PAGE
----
Design of the circuit itself has been covered in other Data Sheet issues and in the series of WomackIndustrial Fluid Power” textbooks. In this issue we will deal with cylinder systems and assume the circuit diagram has already been designed. Our aim will be to calculate the input power and pressure to move a certain load resistance at a certain rate of speed. Then to arrive at optimum pressure and flow levels to satisfy the load conditions so the best combination of cylinder and pump can be selected.

But before any HP calculations can be made, The amount of force to move the load must be determined as accurately as possible. Speed, of course, is not as demanding a requirement, and a speed variation either slower or faster is usually acceptable in order to precisely match the HP requirement of the system to the power output of the prime mover.

For example, if a 30-ton press is being designed, the load specifications will be straightforward: the cylinder(s) must produce 60,000 lbs. of force and must cycle (so many) times a minute. From these data we can easily calculate the estimated HP input, and can select a cylinder and pump combination to best meet the load requirement.

But on some applications the specifications are not so clear. Perhaps the hydraulic machine must perform a certain operation on a designated workpiece at a certain rate of speed, and the amount of force to perform this operation is not precisely known. On these applications the designer must make whatever calculations can be made, perhaps involving load weight (or mass), frictional resistance, hardness or strength of the material being worked, etc. The application can sometimes be compared with a similar application on which the force is known. At any rate, no further HP calculations can be made until the load resistance is determined. Before going into production to make several of these machines, a prototype machine is built to prove (or disprove) the accuracy of the load resistance estimate. Computing Output Horsepower
Before making power loss calculations, the output of the machine must be specified in HP from the cylinder. If specified in terms of force and speed, convert to HP with the standard mechanical HP formula in which 1 HP = 33,000 ft-lbs per minute:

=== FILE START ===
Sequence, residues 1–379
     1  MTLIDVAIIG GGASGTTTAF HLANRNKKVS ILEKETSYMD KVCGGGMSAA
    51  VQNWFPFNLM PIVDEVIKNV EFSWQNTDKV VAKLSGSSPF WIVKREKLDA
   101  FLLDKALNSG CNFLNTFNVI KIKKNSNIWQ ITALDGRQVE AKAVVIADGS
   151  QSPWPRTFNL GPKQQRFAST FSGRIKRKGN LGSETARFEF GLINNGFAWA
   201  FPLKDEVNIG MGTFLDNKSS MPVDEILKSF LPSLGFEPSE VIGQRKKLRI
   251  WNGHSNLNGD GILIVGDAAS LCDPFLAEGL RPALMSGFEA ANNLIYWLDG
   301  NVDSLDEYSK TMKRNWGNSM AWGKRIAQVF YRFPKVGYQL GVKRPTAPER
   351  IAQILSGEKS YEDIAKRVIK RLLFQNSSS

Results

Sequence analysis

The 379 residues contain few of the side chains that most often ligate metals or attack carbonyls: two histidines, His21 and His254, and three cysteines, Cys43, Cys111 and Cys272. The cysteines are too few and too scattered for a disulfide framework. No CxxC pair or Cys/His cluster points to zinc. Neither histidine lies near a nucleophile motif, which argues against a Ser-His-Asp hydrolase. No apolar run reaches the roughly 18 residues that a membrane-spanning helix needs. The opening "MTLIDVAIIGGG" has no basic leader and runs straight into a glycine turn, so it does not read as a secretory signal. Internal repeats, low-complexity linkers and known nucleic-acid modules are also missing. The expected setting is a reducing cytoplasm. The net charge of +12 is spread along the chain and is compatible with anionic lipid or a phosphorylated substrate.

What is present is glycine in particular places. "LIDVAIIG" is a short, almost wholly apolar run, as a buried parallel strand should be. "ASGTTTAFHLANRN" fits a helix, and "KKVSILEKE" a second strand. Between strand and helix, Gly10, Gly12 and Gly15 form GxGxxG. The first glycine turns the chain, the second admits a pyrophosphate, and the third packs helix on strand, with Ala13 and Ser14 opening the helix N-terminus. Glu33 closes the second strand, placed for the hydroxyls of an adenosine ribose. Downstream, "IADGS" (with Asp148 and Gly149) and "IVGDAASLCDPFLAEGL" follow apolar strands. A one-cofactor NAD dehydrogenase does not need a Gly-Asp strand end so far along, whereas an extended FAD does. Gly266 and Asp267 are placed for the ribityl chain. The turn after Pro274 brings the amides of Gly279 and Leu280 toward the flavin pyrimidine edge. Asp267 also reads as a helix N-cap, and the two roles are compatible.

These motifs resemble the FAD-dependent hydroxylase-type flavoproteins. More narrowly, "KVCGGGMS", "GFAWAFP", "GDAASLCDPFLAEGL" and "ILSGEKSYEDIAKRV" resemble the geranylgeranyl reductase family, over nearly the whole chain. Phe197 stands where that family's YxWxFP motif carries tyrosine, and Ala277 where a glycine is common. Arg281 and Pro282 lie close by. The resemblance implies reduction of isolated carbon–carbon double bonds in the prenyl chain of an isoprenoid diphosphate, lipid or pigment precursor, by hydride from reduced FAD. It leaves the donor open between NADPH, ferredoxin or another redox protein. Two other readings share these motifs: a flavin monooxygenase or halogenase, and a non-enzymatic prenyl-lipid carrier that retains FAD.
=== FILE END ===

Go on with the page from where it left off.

HP = [F × D × 60] ÷ [T × 12 × 33,000], in which:

F is cylinder force, in lbs.
D is cylinder stroke, inches.
T is time for cylinder stroke, in seconds.
60 and 12 convert minutes to seconds and feet to inches. Figure 1. Block diagram of a typical hydraulic cylinder system operating with 50 HP output.

Estimating HP Input to the System
Figure 1 shows a typical 50 HP hydraulic system with the major areas of power loss between prime mover and cylinder illustrated. In order to determine the required HP from the prime mover to deliver 50 HP out, it is necessary to start with the mechanical power delivered to the load by the cylinder, then to work backward, one step at a time, until reaching the prime mover output shaft.

Item 1, Cylinder. The friction loss in most hydraulic cylinders should not exceed 5%, and at pressures above 1,500 PSI the loss may be less than 5%.

In Figure 1, assuming cylinder loss to be 5%, the fluid power input to the cylinder must be:

HP = 50 ÷ 0.95 = 52.6

Item 2, Row Control Valve. When using a series connected flow control valve or if metering speed in a mobile system by modulating the 4-way valve spool, the pump must supply maximum power to the system regardless of the cylinder speed, as long as the system is in motion. Any power not transferred to the load is converted into heat by oil discharge across the system relief valve. Operating loss for pressure compensated flow control valves will be about 3 to 5% on pressures above 1,500 PSI, and will be about 6 to 10% if the operating pressure is below 1,500 PSI.

In Figure 1, the fluid-power input to the flow control valve, assuming 5% loss, must be:

HP = 52.6 ÷ 0.95 = 55.4

Item 3, 4-Way Valve and Plumbing. The fluid power delivered by the pump into the circuit must include 50 HP for the load plus all system losses downstream of the pump.

In a conservatively designed industrial fluid power system operating at pressures above 1,500 PSI, flow losses through 4-way valve and plumbing may amount to only 5%. At operating pressures less than 1,500 PSI these losses may amount to 10%. Most mobile systems are intentionally designed with higher circuit losses in order to economize on construction by using smaller valving and plumbing, and circuit losses may amount to 20% of the input power.